KDDI, SoftBank Corp and Rakuten Mobile added detail to opposition to Japan’s government ending a law covering state-owned NTT, highlighting fair competition, universal service obligations and future foreign investment in the operator as key areas of concern.
The trio suggested a revision of the NTT Law could lead to price increases and decreased competition, stating there is a risk the state-owned operator will no longer have universal service obligations and would have the ability to withdraw services, impacting coverage in rural areas.
There could be “stagnation in the advancement and diversification of services due to a lack of new industry developments”, they noted.
NTT argues the obligation can be integrated into the Telecommunications Business Act.
Its rivals are also concerned NTT could sell the majority of its shares to non-Japanese individuals or foreign governments, potentially compromising the security of the nation’s telecommunications infrastructure.
Protection against non-domestic investment is possible without relying on the existing law, NTT stated: it advocates strengthening ownership regulation through the Foreign Exchange and Foreign Trade Act.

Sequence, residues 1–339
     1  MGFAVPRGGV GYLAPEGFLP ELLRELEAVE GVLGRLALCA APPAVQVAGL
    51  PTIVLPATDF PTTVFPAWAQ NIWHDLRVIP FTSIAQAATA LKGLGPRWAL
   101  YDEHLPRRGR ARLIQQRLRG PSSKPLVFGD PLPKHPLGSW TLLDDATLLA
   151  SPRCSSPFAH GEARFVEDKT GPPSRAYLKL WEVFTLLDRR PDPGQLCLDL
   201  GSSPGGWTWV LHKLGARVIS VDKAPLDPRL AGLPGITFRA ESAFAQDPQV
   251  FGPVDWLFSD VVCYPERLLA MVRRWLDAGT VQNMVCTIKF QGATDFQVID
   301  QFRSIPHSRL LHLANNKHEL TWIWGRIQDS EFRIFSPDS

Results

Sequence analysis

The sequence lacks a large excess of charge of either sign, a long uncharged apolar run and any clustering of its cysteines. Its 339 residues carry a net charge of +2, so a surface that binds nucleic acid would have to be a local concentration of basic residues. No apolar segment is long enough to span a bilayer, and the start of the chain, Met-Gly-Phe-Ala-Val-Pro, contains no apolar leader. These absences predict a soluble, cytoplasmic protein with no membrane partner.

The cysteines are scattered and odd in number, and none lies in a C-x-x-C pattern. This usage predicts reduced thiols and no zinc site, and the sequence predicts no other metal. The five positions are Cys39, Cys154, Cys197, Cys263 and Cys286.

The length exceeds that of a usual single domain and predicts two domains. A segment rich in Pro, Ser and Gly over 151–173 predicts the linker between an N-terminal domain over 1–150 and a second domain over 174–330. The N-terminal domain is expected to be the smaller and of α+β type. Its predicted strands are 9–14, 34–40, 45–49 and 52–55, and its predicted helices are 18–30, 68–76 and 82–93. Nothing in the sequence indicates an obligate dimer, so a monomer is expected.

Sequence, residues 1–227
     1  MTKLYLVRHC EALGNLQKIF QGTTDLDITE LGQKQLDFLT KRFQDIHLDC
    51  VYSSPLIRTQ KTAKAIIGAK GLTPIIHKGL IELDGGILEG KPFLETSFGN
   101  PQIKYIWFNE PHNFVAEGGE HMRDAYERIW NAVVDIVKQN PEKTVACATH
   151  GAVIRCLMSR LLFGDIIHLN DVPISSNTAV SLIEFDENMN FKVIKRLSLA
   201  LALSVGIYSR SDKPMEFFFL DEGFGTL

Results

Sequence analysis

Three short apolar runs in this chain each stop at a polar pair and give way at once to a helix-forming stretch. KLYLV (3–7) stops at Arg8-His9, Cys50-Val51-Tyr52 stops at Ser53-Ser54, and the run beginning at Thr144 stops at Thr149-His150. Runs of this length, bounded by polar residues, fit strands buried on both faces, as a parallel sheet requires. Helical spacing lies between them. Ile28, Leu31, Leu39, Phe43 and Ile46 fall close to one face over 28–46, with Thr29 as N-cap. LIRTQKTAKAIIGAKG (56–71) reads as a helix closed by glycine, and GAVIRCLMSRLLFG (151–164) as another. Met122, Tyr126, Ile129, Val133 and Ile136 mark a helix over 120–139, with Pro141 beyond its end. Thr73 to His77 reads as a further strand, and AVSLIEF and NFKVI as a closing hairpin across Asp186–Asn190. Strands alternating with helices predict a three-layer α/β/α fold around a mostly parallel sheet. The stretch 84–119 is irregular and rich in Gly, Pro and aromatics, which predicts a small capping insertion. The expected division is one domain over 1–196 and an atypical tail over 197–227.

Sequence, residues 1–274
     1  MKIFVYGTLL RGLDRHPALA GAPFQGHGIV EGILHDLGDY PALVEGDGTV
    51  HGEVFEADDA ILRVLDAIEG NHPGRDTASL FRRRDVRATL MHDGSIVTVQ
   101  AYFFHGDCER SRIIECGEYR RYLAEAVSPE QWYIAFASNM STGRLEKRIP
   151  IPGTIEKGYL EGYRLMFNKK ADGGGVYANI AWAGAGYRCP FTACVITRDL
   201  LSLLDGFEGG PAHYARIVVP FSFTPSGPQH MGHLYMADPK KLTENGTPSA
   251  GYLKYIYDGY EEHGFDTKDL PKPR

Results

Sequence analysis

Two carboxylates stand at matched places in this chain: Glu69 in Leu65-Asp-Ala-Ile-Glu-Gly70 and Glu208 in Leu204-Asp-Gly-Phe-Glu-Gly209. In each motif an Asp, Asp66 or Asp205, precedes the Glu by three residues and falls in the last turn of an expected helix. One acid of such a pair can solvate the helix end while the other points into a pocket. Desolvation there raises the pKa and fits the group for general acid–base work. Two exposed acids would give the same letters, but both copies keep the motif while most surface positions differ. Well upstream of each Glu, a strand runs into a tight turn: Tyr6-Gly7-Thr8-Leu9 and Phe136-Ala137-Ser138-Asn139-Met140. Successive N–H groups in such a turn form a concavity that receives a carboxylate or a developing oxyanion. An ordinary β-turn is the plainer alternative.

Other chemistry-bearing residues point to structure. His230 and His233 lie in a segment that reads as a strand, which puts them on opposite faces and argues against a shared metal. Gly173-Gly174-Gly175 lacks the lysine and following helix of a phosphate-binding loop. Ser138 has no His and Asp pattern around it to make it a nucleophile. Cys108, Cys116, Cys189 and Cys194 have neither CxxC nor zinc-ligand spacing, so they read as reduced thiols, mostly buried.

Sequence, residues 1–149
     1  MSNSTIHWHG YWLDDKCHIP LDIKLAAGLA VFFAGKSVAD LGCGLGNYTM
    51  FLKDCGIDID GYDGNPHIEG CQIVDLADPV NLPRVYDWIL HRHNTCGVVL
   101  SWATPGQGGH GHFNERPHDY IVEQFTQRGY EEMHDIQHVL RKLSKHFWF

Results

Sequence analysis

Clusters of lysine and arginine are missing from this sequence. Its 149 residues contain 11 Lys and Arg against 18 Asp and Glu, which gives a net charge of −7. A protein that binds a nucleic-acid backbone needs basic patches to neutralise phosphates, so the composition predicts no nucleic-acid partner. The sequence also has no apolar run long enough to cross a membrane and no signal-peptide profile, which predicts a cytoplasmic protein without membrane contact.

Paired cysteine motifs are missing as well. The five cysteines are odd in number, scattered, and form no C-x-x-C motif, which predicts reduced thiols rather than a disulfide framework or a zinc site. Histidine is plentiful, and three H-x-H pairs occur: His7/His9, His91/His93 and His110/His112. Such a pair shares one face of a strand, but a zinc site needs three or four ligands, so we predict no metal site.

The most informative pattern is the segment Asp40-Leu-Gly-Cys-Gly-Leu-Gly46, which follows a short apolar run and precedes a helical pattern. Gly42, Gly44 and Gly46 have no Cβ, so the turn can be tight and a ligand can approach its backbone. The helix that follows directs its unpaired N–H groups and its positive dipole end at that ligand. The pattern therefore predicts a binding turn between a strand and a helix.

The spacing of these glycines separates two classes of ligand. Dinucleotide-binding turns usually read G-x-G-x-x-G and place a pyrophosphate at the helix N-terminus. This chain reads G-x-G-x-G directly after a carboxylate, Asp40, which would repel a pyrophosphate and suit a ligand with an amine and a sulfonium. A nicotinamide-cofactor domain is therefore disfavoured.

KDDI, SoftBank and Rakuten Mobile were among 180 local organisations expressing opposition to scrapping the law in a submission to various government officials last month.
Marc Einstein, chief analyst at research company ITR, told Mobile World Live the act is almost 40 years old and “should have been updated a long time ago”. Legally the operator cannot move into certain areas, for example bundling mobile and fixed services, he added.
Einstein explained revenue in the telecoms sector is flat at best, with NTT needing to do some major restructuring just to survive in the long term and updating the regulation will make that easier.
In August, the Ministry for Internal Affairs and Communication and the Liberal Democratic Party started work on a plan covering the possible abolition of the NTT act and privatisation.